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Monday, 19 November 2012 16:27

Imaginary Jesus at Mustardseed Theatre

Written by Robert Mitchell
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Imaginary Jesus at Mustardseed Theatre

A hilarious look at a young writer's spiritual quest for the perfect personification of his personal Jesus.

I love Mustardseed Theatre (and not just because I had the fortune of playing Loner in their inaugural production of Remnant 6 years ago). Every time I go there to see a play there, I know I am going to be delighted as a theatre-goer – whether I’m going to walk out challenged by their extremely subtle faith-based aesthetic, or whether I leave chuckling at some slightly goofy, but unerringly truthful look at what it means to be a human being on this earth. I was happily able to enjoy both in their current production, Imaginary Jesus, directed by the inimitable Deanna Jent.

Adapted by Ms. Jent from the novel by Matt Mikalatos (which has been described as a cross between Monty Python, C. S. Lewis and It’s a Wonderful Life, with a little Star Wars thrown in to satisfy the geeks), Imaginary Jesus takes us on an Easy Rider-style adventure about one man’s search for his spirituality. In the opening of the play, two identical-looking men arrive at a Portland coffee house (of course). After a brief tussle over who’s to play the lead in this story, it is finally decided that one of them will play the thinly-disguised comic book-nerd-turned-Christian-author Matt (Robert Thibaut), and the other “Matt” will be the Narrator of the show (Chad Morris). Then, the fireworks begin. Matt is soon assaulted by the coffee shop’s homeless nutjob, Pete (J. Samuel Davis), who just happens to be able to see Matt’s ever-present, comforting version of Jesus, complete with white gown and flowing brown hair and beard. After scarcely a few words, Pete suddenly punches Jesus in the face, which sends Jesus hitching up his gown and running off like a little girl. It turns out that Pete is the apostle Peter, who has seen through the ruse, and informs Matt, that his version of Jesus is not the real Jesus – and that if he wants to be at real peace, then he needs to make a pilgrimage to find Him. Pete introduces Matt to two beings that are able to help with this quest – Daisy, a wise-cracking donkey (Michelle Hand), and ex-call girl Sandy (Nicole Angeli), who explains that there are thousands of “Imaginary Jesuses” – Jesi?- Jesuses – that are dreamed up by whatever people need at the moment, and then, discarded as soon as their needs have or haven’t been met. On the journey we meet dozens of Jesi – among them, the pompous King James Jesus, Children’s Jesus, Hippie Jesus and Cirque du Soleil Jesus – none of them offering satisfaction. When we meet Matt’s sweet, caring wife, Krista (Julie Venegoni), we learn why the quest for good and God is so important to Matt. After a showdown, in a Prayer Labyrinth with the remaining members of The Secret Society of Imaginary Jesi, Matt finally finds the peace, and the Jesus that he needs.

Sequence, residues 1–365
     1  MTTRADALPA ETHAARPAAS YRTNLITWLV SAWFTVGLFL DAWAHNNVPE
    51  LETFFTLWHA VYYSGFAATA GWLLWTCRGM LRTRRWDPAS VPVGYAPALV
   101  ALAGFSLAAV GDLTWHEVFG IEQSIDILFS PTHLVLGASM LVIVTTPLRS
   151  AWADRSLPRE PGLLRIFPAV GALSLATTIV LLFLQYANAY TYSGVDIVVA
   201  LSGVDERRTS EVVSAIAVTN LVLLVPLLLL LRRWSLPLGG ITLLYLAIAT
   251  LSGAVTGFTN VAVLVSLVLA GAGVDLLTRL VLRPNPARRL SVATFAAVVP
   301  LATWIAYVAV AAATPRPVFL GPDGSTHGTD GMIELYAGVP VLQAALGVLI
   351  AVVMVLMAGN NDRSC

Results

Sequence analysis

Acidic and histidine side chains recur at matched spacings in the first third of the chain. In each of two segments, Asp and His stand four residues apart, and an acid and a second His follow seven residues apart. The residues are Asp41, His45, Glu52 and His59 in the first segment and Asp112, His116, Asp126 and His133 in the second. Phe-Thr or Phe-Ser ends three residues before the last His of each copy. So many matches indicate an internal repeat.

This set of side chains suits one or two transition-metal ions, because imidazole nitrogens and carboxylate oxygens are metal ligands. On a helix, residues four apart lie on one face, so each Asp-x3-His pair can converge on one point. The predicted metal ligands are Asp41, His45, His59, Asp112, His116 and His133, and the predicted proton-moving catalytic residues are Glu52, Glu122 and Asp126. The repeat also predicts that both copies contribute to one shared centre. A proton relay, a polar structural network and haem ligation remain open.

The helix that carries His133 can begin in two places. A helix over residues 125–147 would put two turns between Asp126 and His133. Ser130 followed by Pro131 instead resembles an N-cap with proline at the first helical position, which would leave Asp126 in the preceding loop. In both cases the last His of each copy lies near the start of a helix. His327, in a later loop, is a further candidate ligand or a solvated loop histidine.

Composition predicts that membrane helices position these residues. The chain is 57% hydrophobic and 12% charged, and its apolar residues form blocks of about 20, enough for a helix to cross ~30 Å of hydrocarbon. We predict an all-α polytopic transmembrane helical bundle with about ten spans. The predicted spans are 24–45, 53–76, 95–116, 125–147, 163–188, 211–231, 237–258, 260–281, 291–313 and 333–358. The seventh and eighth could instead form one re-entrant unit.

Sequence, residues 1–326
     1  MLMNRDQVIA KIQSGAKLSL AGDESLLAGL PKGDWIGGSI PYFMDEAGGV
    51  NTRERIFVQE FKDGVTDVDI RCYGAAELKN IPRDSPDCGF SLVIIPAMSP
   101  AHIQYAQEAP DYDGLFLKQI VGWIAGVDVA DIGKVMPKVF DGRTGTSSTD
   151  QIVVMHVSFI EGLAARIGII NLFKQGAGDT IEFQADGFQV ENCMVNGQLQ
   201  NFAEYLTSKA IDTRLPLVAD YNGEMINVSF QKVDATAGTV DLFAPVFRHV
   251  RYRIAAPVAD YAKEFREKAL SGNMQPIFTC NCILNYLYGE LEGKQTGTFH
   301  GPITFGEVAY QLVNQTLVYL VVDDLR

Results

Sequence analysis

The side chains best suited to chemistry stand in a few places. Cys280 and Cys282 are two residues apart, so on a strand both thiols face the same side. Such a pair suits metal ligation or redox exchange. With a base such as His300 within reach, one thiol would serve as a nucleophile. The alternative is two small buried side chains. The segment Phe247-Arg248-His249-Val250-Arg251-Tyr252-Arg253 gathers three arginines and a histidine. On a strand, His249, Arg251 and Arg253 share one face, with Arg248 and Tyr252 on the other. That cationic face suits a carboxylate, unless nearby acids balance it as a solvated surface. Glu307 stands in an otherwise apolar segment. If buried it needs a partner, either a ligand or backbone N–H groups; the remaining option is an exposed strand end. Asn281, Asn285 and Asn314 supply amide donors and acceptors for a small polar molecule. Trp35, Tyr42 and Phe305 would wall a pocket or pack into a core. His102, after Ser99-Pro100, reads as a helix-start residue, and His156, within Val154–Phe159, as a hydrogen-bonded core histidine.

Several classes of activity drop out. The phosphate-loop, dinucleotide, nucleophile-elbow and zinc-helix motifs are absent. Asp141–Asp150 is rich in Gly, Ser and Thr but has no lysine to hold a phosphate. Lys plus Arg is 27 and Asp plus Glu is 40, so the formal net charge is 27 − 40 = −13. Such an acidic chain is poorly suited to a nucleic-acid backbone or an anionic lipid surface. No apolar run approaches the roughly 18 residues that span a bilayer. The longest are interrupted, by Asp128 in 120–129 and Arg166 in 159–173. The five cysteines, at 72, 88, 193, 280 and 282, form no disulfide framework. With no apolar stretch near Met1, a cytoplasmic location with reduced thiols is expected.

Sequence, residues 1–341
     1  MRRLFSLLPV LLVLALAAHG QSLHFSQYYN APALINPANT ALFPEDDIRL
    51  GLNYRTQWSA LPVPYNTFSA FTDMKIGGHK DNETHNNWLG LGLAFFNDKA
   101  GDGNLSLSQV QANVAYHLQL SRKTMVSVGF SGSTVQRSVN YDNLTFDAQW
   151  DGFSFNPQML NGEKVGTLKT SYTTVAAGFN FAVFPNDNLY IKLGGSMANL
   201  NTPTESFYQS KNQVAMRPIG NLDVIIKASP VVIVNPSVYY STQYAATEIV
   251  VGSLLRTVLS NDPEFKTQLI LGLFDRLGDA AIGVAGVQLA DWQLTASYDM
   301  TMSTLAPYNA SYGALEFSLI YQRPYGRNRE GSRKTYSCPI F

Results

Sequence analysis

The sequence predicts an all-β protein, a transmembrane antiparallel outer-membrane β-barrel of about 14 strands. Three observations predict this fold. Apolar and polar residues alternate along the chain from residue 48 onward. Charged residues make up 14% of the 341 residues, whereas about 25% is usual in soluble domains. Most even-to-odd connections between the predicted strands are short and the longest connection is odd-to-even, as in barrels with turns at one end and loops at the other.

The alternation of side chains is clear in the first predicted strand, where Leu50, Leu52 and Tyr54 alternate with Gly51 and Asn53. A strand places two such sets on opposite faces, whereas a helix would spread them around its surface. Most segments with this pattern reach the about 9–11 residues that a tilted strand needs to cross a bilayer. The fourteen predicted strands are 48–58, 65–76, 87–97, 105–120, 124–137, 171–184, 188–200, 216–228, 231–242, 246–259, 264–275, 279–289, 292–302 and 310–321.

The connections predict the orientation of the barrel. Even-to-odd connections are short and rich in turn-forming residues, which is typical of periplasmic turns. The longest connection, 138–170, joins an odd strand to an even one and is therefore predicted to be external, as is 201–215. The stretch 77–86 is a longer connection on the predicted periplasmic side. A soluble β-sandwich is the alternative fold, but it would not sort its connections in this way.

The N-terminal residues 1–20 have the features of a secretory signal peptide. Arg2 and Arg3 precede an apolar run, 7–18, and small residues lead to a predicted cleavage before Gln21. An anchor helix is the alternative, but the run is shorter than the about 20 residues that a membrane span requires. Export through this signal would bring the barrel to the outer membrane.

Direction by Jent is fast, furious and funny (dropping in his trademark bit of poignancy when needed), while Dunsi Dai, Michael Sullivan, JC Kracijek and Michael Perkins bolster the production with their usual stellar work in set, light, costume and sound design.

The star-studded cast is filled with some of the best, and the funniest that STL has to offer. Thibault and Morris are quick and absurdly funny as the Matts, Davis is wise and cocky as Peter, Brown is quite smarmy as the primary imaginary Jesus, Hand is a hoot as Daisy, Angeli is an assured and comic Sandy, and Venegoni is sweet as long-suffering Krista. But this septet is bolstered by 10 equally funny folks playing multiple Imaginary Jesi – Kyle Powell, Zoe Sullivan, Vanessa Waggoner, Leslie Wobbe, Jaime Zayas, and notably Roger Erb as Political Power Jesus, Daniel Lanier as 8-Ball Jesus and Harley, Aaron Orion Baker as Televangelist Jesus, Ben Ritchie – who is THE go-to-guy when you need someone to be Jesus-like, and Amy Loui in a superbly poignant take on Jesus’ mother, Mary.

All of this hilarity leads to a satisfying, and thought-provoking evening of theater, leaving you to question what YOU might want from your Jesus - real or imaginary, and where you might find Him.

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